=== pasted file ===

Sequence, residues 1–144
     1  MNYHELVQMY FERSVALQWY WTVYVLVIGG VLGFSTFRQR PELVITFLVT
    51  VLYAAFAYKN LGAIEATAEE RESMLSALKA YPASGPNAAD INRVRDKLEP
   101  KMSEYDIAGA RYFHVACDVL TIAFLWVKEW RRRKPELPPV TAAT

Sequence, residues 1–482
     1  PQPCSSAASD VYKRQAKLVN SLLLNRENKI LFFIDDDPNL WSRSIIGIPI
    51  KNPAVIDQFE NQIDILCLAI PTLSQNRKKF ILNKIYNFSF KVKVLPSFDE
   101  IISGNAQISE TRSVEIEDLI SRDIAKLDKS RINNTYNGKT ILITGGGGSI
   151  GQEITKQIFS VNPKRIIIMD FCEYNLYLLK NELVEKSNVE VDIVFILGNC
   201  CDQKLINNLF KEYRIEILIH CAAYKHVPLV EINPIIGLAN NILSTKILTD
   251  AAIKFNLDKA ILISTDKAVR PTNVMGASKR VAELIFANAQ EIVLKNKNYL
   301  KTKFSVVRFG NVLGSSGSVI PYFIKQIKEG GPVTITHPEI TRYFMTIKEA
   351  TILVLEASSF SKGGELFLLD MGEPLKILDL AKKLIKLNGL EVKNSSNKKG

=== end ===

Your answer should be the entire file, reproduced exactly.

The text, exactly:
Sequence, residues 1–144
     1  MNYHELVQMY FERSVALQWY WTVYVLVIGG VLGFSTFRQR PELVITFLVT
    51  VLYAAFAYKN LGAIEATAEE RESMLSALKA YPASGPNAAD INRVRDKLEP
   101  KMSEYDIAGA RYFHVACDVL TIAFLWVKEW RRRKPELPPV TAAT

Sequence, residues 1–482
     1  PQPCSSAASD VYKRQAKLVN SLLLNRENKI LFFIDDDPNL WSRSIIGIPI
    51  KNPAVIDQFE NQIDILCLAI PTLSQNRKKF ILNKIYNFSF KVKVLPSFDE
   101  IISGNAQISE TRSVEIEDLI SRDIAKLDKS RINNTYNGKT ILITGGGGSI
   151  GQEITKQIFS VNPKRIIIMD FCEYNLYLLK NELVEKSNVE VDIVFILGNC
   201  CDQKLINNLF KEYRIEILIH CAAYKHVPLV EINPIIGLAN NILSTKILTD
   251  AAIKFNLDKA ILISTDKAVR PTNVMGASKR VAELIFANAQ EIVLKNKNYL
   301  KTKFSVVRFG NVLGSSGSVI PYFIKQIKEG GPVTITHPEI TRYFMTIKEA
   351  TILVLEASSF SKGGELFLLD MGEPLKILDL AKKLIKLNGL EVKNSSNKKG